I don't think the stress of trying to get promoted is usually about the skills required at the next level. The stress comes from the ambiguity in the process. What is expected? What does my manager think? What do other people think? I think if you can get people past that ambiguity to a place where they have a few specific actions to work on, it becomes empowering and exciting.

That's the majority of the challenge that my mentees bring up in our coaching sessions. They're not necessarily asking for help on influencing their peers better, they're asking how to communicate better with their own manager. It's interesting that communication with your own manager is a problem for entry level engineers as well as senior leaders.

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After six months at Amazon, I had my feet underneath me enough to look around and consider my future.

I was a Level 5 SDM (Software development manager), which is an entry level management position. Theoretically, a Level 5 manager requires extra assistance to do their job, while a Level 6 manager can work independently.

It's relatively rare to hire Level 5 development managers. Plenty of senior leaders refuse to hire managers who aren't believed to be experienced enough to work independently. They're hiring managers to scale themselves, and a leader who requires extra assistance isn't what they're looking for.

Considering the above, the majority of my peers were Level 6 SDMs. As I observed my own performance compared to theirs, I began to believe that I should begin my own promotion process.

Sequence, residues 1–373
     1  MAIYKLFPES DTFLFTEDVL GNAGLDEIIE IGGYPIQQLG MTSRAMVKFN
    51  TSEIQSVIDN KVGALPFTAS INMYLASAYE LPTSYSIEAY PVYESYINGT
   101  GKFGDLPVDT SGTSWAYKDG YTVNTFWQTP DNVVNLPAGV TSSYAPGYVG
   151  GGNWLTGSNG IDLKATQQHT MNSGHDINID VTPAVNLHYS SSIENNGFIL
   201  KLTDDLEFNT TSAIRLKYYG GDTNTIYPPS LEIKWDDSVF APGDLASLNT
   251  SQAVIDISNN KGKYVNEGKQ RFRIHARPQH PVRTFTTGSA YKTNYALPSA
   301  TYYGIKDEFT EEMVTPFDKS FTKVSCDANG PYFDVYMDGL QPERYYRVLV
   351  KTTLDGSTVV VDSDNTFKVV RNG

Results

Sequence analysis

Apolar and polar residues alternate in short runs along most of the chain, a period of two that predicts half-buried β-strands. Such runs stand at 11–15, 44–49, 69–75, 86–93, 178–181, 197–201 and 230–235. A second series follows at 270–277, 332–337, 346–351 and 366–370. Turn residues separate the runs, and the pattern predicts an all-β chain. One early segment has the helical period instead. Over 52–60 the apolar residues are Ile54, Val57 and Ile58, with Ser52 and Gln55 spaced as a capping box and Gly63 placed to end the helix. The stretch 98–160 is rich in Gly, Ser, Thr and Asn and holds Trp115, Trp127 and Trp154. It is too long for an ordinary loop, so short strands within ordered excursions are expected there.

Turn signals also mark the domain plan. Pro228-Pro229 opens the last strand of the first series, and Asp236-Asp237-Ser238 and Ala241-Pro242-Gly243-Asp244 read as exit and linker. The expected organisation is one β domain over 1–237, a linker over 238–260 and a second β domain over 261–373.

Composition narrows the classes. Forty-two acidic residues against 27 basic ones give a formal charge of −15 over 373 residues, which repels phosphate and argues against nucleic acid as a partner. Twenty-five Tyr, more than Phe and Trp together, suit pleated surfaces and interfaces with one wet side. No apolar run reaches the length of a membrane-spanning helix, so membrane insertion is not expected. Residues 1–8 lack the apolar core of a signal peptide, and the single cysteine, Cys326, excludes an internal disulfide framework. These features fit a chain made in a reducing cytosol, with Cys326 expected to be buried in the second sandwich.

When I asked about the process for getting myself promoted, I was told a line of utter absurdity.

You shouldn't ask for a promotion. Do a great job, and you'll get promoted at the right time.

Complete garbage. Of course you should ask for a promotion, a raise, or anything else you want out of your career. You are the person who is impacted the most by your career, and you need to own it!

One quick point. There's no reason to wait before doing this exercise. At all times, you should have a clear personal understanding of where you are in your career, and what your next steps are. You may be years from promotion, but that shouldn't stop you from thinking about your future.

Understand the Promotion Bar

Before having a conversation with your manager, you need to understand what the promotion bar is.

At Amazon, there's a set of wonderful Role Description documents, which clearly outlines each level, and the differences between them. If your company has those, this is where you start.

If your company doesn't have clearly outlined role descriptions, you need to research what the expectations are. Talk to HR (it's one of their primary jobs), and see if they have resources you could use. Talk to your manager. This isn't about asking for a promotion yet, it's simply about understanding what the next level is.

"I love working on myself and my skills. I'd like to understand what the expectations are for the next level in my career. Do you know of any resources where I could read about those?"

Collect any and all data about the next level into a role description document (if it doesn't already exist), so that you can properly begin an assessment. This document needs to summarize what moving to the next level would entail. These may be concrete things ("the next level manages at least 10 people") or often more subtle things ("the next level runs large department wide projects").

I suggest breaking down that document into a list of 5-10 items long. This is a great exercise to think carefully through what exactly is expected for the next level. Get that list into a spreadsheet for the next step.